2nd Circuit Panel Rejects Sexual Orientation Discrimination Claim under Title VII, but Revives Sex-Stereotyping Claim by Gay Man

A three-judge panel of the U.S. Court of Appeals for the 2nd Circuit, based in Manhattan, has issued a mixed ruling concerning a gay man’s claim that he was sexually harassed in his workplace in violation of Title VII of the Civil Rights Act of 1964. In a per curiam opinion in Christiansen v. Omnicom Group, 2017 U.S. App. LEXIS 5278, 2017 WL 1130183, the court ruled on March 27 that plaintiff Matthew Christiansen could not sue under Title VII on a claim of sexual orientation discrimination because of existing circuit precedents, but that he could maintain his lawsuit on a claim that he was the victim of unlawful sex stereotyping by his employer. Thus, the case was sent back to U.S. District Judge Katherine Polk Failla (S.D.N.Y.), who last year had granted the employer’s motion to dismiss all federal claims in the case and to decline to exercise jurisdiction over state law claims; see 167 F. Supp. 3d 598.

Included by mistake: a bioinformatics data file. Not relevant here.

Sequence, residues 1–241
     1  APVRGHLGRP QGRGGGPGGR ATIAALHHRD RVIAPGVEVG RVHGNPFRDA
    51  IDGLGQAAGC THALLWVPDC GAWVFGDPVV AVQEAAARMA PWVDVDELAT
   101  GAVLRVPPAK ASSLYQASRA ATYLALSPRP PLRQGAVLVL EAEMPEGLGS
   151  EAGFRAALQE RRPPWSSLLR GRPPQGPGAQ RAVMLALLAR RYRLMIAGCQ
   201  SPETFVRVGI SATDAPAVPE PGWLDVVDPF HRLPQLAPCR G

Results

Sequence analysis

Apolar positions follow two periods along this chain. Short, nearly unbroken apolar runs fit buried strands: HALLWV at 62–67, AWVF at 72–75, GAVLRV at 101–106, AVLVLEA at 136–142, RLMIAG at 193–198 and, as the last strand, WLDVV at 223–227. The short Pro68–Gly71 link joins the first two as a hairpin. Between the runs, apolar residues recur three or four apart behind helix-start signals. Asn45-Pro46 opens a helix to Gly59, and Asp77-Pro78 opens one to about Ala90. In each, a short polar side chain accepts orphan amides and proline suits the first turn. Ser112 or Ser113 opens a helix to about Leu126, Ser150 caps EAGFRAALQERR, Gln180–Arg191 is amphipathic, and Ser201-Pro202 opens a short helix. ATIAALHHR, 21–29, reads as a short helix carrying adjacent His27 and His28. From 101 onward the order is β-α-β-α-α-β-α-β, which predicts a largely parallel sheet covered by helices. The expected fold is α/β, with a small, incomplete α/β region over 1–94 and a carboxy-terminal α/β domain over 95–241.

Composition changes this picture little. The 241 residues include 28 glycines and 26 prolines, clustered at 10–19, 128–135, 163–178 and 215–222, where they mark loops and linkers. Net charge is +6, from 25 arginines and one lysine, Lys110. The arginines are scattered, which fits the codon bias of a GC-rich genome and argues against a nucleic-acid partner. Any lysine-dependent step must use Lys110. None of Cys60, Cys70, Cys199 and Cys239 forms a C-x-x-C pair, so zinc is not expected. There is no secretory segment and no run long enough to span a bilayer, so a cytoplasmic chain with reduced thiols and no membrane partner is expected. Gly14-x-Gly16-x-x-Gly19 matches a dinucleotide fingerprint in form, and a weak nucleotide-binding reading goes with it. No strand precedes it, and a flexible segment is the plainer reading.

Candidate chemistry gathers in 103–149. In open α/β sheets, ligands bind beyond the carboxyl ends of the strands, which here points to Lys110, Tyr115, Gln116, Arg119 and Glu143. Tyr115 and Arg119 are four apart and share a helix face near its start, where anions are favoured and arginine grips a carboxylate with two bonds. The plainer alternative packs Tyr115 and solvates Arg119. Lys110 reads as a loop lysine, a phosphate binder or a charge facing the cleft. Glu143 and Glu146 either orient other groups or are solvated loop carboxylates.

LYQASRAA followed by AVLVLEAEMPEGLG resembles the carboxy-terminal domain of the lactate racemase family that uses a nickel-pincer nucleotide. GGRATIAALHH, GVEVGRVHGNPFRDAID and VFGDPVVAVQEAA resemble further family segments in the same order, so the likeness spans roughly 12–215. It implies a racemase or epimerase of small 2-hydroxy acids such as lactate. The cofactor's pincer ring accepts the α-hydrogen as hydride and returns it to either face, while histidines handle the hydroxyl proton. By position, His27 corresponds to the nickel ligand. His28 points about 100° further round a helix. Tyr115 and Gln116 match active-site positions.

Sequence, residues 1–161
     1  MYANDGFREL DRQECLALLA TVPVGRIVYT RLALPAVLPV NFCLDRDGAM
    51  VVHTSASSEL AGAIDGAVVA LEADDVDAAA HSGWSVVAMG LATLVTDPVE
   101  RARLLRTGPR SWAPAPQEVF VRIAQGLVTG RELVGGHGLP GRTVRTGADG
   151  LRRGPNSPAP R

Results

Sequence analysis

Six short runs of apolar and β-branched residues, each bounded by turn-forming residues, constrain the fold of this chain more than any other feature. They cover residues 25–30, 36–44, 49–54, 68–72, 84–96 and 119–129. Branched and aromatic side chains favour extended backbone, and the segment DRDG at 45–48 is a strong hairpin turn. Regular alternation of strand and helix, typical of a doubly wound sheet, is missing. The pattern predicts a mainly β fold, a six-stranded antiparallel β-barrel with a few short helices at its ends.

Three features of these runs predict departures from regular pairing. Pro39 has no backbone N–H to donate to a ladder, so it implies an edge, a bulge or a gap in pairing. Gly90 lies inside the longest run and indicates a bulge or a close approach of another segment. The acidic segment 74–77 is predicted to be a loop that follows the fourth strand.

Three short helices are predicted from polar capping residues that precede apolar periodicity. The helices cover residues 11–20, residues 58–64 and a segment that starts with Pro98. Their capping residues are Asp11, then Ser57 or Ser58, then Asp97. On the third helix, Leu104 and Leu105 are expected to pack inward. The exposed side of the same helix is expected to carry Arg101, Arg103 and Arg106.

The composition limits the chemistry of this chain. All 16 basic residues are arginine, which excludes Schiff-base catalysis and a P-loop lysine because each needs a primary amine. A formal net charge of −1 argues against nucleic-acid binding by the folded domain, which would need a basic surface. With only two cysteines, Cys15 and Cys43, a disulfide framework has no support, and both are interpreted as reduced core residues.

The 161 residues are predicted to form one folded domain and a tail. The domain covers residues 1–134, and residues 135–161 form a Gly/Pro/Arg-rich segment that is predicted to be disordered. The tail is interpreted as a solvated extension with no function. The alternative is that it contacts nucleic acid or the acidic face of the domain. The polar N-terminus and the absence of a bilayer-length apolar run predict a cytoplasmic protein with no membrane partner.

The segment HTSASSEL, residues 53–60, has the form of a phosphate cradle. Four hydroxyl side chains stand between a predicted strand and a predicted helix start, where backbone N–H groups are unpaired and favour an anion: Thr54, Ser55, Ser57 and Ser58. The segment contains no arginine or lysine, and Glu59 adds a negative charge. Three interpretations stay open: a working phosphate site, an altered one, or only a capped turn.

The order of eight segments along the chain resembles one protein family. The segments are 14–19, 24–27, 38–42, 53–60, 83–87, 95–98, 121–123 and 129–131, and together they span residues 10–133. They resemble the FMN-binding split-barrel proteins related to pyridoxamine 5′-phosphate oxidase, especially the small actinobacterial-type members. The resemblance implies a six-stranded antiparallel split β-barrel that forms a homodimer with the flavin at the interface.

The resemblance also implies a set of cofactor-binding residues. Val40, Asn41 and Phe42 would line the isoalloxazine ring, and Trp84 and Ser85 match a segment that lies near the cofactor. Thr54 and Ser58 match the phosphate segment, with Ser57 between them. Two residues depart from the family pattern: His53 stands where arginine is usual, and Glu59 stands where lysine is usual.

The ruling on this appeal, which was argued on January 20, was much awaited because it was the first time for the 2nd Circuit to address the sexual orientation issue since the Equal Employment Opportunity Commission (EEOC) reversed its position, held for half a century, and ruled in 2015 that sexual orientation discrimination claims should be treated as sex discrimination claims subject to Title VII, which prohibits discrimination “because of sex.”

For the full story, access the April 2017 issue of LGBT Law Notes.